We performed a series of laboratory experiments to study the growth and development of wave-generated ripples under constant and varying conditions. There are two aspects of our study.
First, under time varying wave conditions, we measure the rate of ripple adjustment and the equilibrium ripple wavelength before and after the change in forcing. Our experiments with increasing wave forcing (i.e., increasing wave amplitude or wave period) lead to faster ripple growth and larger final wavelengths. Decreasing wave forcing leads to shorter ripple wavelengths and hysteresis. Existing predictors provide a reasonable description of both the final equilibrium spacing and of the spacing evolution after wave conditions are changed. The presence of defects (crestline irregularities) impacts the final equilibrium ripple wavelength.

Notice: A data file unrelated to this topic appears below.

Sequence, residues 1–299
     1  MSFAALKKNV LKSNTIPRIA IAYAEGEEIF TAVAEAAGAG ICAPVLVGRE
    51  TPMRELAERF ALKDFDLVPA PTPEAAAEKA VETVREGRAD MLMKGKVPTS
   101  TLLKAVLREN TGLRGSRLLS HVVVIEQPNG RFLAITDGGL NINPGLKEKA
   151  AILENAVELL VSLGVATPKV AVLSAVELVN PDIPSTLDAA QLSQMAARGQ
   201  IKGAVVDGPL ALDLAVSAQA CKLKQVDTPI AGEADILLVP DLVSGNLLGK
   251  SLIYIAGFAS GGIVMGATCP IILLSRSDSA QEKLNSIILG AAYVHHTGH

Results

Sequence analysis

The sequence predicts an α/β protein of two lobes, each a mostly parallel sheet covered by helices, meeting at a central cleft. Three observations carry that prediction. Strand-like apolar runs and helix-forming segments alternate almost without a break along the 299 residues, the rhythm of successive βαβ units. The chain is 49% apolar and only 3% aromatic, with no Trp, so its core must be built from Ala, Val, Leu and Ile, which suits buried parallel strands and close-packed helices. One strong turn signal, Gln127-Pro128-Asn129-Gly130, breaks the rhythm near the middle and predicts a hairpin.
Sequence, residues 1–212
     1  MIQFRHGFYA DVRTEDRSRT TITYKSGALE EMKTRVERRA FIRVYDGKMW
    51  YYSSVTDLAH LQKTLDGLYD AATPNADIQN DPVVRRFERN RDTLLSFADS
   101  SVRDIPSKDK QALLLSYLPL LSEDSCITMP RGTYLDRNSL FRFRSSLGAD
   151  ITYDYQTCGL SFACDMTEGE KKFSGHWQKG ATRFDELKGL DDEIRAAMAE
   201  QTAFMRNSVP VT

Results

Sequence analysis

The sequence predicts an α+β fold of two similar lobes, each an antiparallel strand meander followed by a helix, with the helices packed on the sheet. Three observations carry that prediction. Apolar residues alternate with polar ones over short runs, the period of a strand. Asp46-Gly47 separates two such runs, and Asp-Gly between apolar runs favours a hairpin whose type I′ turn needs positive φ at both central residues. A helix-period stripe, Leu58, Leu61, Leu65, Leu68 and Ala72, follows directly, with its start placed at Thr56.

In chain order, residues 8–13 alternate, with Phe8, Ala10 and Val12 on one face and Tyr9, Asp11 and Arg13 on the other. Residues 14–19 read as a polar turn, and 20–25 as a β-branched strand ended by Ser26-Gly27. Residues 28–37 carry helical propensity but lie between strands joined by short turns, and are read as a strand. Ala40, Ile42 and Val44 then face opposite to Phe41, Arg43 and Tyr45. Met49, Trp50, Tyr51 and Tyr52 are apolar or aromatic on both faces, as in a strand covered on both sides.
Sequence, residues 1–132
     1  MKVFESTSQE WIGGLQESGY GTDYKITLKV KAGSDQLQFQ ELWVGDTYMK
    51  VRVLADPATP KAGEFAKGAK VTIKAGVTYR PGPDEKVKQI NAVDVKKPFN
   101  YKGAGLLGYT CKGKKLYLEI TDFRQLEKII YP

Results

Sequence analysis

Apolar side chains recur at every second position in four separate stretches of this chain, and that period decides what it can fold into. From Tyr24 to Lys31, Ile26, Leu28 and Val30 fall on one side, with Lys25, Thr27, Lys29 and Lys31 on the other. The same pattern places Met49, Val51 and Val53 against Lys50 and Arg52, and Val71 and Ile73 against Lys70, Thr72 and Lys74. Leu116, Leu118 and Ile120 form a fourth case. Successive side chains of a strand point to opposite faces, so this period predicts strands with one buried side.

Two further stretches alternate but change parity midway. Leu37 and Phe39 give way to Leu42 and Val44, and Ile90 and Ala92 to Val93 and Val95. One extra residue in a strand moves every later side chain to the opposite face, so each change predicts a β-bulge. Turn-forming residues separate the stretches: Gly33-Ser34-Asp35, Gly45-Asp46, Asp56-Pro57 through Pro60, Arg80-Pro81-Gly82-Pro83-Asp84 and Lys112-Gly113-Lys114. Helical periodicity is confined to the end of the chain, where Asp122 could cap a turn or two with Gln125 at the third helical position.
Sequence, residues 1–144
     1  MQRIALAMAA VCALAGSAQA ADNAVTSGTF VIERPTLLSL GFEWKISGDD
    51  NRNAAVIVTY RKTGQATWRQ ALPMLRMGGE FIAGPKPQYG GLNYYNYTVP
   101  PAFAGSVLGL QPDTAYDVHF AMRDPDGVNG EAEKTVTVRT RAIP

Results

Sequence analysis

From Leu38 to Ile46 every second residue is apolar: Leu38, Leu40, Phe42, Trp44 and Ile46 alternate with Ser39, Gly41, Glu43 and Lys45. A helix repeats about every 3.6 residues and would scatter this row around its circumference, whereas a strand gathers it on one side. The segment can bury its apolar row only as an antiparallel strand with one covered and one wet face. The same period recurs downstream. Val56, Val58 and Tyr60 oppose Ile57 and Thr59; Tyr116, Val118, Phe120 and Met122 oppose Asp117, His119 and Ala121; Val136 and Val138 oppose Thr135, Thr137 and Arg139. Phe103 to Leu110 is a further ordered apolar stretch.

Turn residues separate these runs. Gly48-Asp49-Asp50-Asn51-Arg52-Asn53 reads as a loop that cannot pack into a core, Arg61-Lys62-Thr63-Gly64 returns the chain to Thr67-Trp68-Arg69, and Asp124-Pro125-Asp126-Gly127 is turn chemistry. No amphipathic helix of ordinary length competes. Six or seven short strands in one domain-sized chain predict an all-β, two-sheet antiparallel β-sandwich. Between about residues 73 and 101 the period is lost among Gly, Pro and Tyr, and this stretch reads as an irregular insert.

Second, we investigate the role of initial perturbation on ripple growth and geometry. Larger initial perturbations in the bed lead to faster growth of ripples and larger initial ripple wavelength. Our results suggest that irregularities at the pattern scale, such as defects and initial bed perturbations, are likely to impact ripple evolution and can be a control factor on hysteresis.
Contact: Chuang Jin at firstname.lastname@example.org
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